Bullied teen gets seven wishes in teen horror film 'Wish Upon' - Catholic Courier
Joey King and Mitchell Slaggert star in a scene from the movie "Wish Upon." Joey King and Mitchell Slaggert star in a scene from the movie "Wish Upon."

Bullied teen gets seven wishes in teen horror film ‘Wish Upon’

NEW YORK (CNS) — The low-budget Faustian fable that is “Wish Upon” (Broad Green) has a bullied teen girl fulfilling her earthly desires for vengeance, money, popularity and a surprisingly chaste romance in exchange for maybe her mortal soul.

Anyway, fulfillment using a mysterious Chinese “wish box” that grants seven of ’em is a double-edged sword. Every time Clare (Joey King) asks for something, she gets it, but someone else close to her has to die. Them’s the terms.

The character as written is hardly morally bereft — Clare is just trying to get along, and she’s still traumatized from having witnessed her mother’s suicide by hanging in the attic — but she’s a little dimwitted, too.

Clare takes a long time to catch on that this enameled box — a music box, in fact — is granting her wishes, and by the time it’s explained to her by a Chinese-American pal, she’s already five wishes into the deadly bargain.

Since her mother’s death, Clare’s father, Jonathan (Ryan Philippe), a sometimes musician, has been reduced to working as a trash picker in search of antiques, much to her embarrassment.

One day he brings home said box, for which the provenance is unknown. Clare, who just got into a cafeteria fight with one of her school’s mean girls, holds the box while expressing the hope that this girl should just rot away. Soon enough, the meanie does just that with a sudden case of the necrotizing fasciitis, known as the flesh-eating disease.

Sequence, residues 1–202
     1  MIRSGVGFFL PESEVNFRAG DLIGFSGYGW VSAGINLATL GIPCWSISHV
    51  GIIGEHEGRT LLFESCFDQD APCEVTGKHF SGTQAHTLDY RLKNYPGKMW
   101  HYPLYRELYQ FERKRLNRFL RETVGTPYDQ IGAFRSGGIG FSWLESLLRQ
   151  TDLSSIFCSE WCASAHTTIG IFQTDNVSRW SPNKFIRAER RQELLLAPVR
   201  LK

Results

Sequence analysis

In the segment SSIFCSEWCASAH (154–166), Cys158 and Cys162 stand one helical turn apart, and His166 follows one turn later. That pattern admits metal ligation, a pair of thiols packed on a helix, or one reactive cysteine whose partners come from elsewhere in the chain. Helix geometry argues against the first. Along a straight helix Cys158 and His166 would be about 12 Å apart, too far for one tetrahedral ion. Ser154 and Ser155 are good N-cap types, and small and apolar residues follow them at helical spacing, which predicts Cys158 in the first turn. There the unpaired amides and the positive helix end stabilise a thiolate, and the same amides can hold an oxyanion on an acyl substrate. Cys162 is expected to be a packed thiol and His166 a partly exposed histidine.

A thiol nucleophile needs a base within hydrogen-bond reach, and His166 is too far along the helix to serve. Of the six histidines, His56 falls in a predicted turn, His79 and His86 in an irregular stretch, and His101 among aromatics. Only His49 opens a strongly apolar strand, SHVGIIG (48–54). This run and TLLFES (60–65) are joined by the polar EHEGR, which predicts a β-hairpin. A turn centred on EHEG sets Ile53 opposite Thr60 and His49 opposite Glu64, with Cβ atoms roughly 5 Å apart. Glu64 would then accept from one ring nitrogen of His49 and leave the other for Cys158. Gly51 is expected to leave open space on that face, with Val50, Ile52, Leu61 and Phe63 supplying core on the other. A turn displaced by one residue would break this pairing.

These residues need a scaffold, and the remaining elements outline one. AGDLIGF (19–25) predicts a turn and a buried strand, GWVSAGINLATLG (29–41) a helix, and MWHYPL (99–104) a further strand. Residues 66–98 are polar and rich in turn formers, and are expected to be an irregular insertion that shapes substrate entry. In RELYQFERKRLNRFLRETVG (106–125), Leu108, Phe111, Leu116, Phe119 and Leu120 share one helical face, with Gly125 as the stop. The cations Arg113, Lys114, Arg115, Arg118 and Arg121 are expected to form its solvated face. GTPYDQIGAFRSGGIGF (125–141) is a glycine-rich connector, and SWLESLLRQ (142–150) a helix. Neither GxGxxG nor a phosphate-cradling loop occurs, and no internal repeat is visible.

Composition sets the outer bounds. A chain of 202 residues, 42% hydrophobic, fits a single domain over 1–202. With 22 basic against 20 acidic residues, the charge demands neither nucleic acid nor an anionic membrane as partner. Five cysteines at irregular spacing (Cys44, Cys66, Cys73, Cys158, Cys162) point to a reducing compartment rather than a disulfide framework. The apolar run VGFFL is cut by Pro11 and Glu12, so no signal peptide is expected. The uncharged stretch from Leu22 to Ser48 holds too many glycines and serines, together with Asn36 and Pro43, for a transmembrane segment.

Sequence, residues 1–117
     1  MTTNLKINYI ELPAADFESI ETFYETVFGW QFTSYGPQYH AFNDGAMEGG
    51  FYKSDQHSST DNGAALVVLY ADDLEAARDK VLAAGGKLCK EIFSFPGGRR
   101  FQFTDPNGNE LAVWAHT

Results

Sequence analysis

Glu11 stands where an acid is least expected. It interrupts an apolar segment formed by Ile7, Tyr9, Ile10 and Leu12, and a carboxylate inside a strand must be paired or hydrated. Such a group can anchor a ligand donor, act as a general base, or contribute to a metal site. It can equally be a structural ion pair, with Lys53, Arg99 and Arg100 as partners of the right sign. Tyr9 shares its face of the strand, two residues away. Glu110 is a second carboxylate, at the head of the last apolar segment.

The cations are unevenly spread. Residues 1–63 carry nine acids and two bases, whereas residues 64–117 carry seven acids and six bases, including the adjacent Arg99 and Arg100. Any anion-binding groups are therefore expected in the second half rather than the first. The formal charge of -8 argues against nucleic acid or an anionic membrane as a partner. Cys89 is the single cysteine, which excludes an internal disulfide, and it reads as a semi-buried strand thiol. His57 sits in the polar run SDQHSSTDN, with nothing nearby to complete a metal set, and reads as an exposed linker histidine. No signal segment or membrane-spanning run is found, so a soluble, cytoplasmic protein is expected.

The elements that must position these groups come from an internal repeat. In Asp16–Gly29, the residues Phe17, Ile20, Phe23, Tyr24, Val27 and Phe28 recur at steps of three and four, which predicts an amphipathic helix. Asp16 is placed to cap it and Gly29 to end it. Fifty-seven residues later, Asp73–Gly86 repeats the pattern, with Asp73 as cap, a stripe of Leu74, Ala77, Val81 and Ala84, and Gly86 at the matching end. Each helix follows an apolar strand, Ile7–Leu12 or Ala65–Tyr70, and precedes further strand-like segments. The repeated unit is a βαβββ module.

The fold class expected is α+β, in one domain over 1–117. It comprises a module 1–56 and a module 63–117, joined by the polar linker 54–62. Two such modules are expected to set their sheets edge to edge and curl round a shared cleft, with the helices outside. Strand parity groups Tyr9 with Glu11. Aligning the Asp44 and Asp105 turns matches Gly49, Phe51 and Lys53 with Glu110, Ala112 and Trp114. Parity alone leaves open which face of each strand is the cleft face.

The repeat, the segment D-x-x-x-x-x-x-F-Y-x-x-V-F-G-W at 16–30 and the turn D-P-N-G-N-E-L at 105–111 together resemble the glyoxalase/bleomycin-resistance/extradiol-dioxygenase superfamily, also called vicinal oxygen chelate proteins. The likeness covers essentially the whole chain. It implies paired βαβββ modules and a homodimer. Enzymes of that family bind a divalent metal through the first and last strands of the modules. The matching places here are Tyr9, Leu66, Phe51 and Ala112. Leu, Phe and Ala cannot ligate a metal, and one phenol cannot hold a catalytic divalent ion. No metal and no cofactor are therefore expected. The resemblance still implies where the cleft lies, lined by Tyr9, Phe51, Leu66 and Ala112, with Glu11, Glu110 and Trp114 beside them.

The plot meanders along this path for quite a while, with Clare getting her late uncle’s inheritance, and both she and her father achieving that all-important peer-group popularity as others meet their doom in a bathtub, a garbage disposer, an implied impalement and a runaway elevator. On this film’s budget, the splatter factor virtually ceases to be.

Director John Leonetti and screenwriter Barbara Marshall make the best of what they have, but each plot point and its resolution are telegraphed so blatantly, there’s no suspense.

The film contains fleeting gore and fleeting rough language. The Catholic News Service classification is A-III — adults. The Motion Picture Association of America rating is PG-13 — parents strongly cautioned. Some material may be inappropriate for children under 13. 

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Jensen is a guest reviewer for Catholic News Service. 

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